The unique marketing challenges facing the house building industry
Marketing new homes is like marketing no other product. Whilst there may be some lessons to be drawn from other consumer markets, none can directly compare to the challenges facing marketing professionals in the residential property sector.
The first main difference is that buying a new house (and I include second hand properties in this comment too) is almost entirely a needs driven process. One of the following will apply in 99.9% of cases:
- Grown up children leaving home
- Couples setting up home together
- Couples starting or growing a family
- Relocating due to work commitments
- Singles either choosing to live alone or being forced due to relationship breakdown or death of a partner
- Downsizing after children have left home
We also need to understand the main factors affecting the choice of property:
- There is truth in the cliché ‘location, location, location’ – this is probably the first factor that movers will consider and is something that there is unlikely to be much compromise on. Factors such as proximity to work, schools, shops, road and rail links will all come into play, as will a general perception of the neighbourhood.
- Then comes property type (or design) and again this will be largely predetermined by the buyers’ needs and perceptions: number of bedrooms, apartment or bungalow, architecture, plot size, orientation and so on. And incidentally, whether the property is newly built or second hand is of no consequence to around 75% of house buyers.
- Last but not least comes price; again this is pretty much an immovable – everyone will have a maximum budget determined by savings, the amount of equity in their existing property and the amount they earn, which will directly affect the amount they can borrow.
So, to recap so far, there are a whole load of needs and factors affecting choice that we as marketers have little control over as, in most scenarios, they will have been established before the business of serious marketing is addressed (with apologies to enlightened developers who embrace the marketing department at the land buying stage). And there are many reasons why a buyer may choose one property over another. Unlike any other consumer products, we cannot use marketing to create a demand (because the demand is created by the needs) and neither can we use marketing to greatly influence choice on a macro level as the main three determinants of choice (what, where and how much) are outside our control.At this point you may be asking: ‘what’s the point of marketing new homes if all of these key influencing factors are beyond the control of marketing?’ The trick of course is to identify what we can influence through good marketing practice. We may not be able to create a demand, but we need to understand how consumers go about satisfying the demand that is created by their needs. In the good old days it was pretty simple. Prospective house buyers used the classified property sections of their local newspapers and the shop windows of high street estate agents and that was pretty much it. As long as the house builder had a good exposure in these areas and the product was built in the right location, at the right price and was of a type the buyers were looking for, success would surely follow.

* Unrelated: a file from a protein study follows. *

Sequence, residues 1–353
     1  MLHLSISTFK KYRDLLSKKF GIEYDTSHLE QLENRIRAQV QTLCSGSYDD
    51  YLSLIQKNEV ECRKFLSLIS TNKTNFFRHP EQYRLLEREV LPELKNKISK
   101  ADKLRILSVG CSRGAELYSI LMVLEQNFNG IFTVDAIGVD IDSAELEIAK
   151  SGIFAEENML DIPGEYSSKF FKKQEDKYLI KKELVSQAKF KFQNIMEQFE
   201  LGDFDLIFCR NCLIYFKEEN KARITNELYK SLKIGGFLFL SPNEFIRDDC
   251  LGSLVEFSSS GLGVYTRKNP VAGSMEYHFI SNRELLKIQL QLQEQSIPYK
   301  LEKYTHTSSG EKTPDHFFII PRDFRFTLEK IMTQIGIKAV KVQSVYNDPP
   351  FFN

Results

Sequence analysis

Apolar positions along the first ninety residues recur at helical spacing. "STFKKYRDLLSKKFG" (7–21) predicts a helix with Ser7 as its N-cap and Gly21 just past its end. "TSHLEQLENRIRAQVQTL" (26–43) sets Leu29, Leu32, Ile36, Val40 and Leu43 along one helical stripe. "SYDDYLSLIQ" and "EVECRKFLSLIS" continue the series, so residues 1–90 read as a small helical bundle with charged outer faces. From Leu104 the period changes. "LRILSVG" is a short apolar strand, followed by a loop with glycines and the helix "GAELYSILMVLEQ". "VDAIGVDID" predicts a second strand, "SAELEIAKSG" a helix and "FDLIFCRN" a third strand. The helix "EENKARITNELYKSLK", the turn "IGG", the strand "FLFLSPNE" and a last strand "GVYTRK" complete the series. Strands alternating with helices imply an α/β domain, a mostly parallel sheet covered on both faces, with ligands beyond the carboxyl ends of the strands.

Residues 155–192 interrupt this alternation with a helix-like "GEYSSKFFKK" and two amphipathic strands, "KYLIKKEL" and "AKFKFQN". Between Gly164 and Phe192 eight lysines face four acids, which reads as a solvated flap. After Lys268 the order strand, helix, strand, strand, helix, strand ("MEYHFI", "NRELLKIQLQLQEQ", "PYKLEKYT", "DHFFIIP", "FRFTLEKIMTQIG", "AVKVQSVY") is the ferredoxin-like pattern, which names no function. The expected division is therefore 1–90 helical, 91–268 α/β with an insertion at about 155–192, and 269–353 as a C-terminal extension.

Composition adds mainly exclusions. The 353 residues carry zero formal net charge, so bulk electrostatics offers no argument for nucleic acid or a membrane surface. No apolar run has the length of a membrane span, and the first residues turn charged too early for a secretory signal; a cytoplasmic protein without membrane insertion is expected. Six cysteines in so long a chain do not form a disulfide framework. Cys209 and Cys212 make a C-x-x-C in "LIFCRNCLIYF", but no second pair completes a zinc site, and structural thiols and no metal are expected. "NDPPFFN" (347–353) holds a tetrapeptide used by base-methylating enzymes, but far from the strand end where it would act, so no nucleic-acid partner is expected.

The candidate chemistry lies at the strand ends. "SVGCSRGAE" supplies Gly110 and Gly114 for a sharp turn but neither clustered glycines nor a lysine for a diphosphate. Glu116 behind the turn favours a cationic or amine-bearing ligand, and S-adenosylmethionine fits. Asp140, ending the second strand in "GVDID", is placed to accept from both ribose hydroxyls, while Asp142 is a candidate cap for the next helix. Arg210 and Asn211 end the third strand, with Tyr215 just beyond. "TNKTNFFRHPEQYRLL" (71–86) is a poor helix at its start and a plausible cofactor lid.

In a way, the basics haven’t changed. If the price, location and property type boxes are all ticked then sooner or later the sales will happen. But now there are more ways of communicating with prospective buyers, beyond the old staples of local press and estate agents, and this is where effective marketing can start to make a difference, enabling us to communicate the ‘what, where and how much’ to a much more precisely targeted audience. Many of the more recently available communication channels revolve around online activity, although we shouldn’t ignore target direct mail, door-to-door and other creative media solutions.
Another external influence we have to contend with currently is the generally ‘flat’ property market, largely brought about by lack of mortgage funding and lack of consumer confidence. But looking back to the premise that it is a needs driven market, there will always be a core of people that have to move; it’s our job as marketers to make sure they buy from our clients.
There is also a big onus on the house builder and specifically its sales team. For example there are creative mortgage products out there that can be made to work for many categories of buyer. The house builder needs to embrace these, working with a good broker to ensure that purchasers are given every opportunity to acquire funding for their purchase (preferably via a product that is not generally available on the open market). A similar rationale applies to incentive packages. Whilst it would be great to sell on the basis of value, quality and service alone, that is unlikely to lead to an upward sales curve in the current market where incentives such as shared equity, part exchange and the Government’s newly announce FirstBuy scheme are widely on offer. If incentive lead marketing is rejected, or utilised grudgingly and half-heartedly, it is reasonably to anticipate reduced sales rates as a consequence. Conversely, a well thought-out and sensitively implemented incentive lead campaign is likely to yield tangible dividends.
The other area where the sales team can have a major effect is the customer journey, from the first point of contact with the house builder through to moving in day and beyond. It is no longer appropriate for sales staff to act as note takers; they need a professional approach supported by a well-planned customer relationship management strategy to ensure that the communication process with prospective purchasers is seamless and ruthlessly efficient. This factor more than any other can probably do more to guarantee your house goes to the top of the prospective buyer’s shortlist.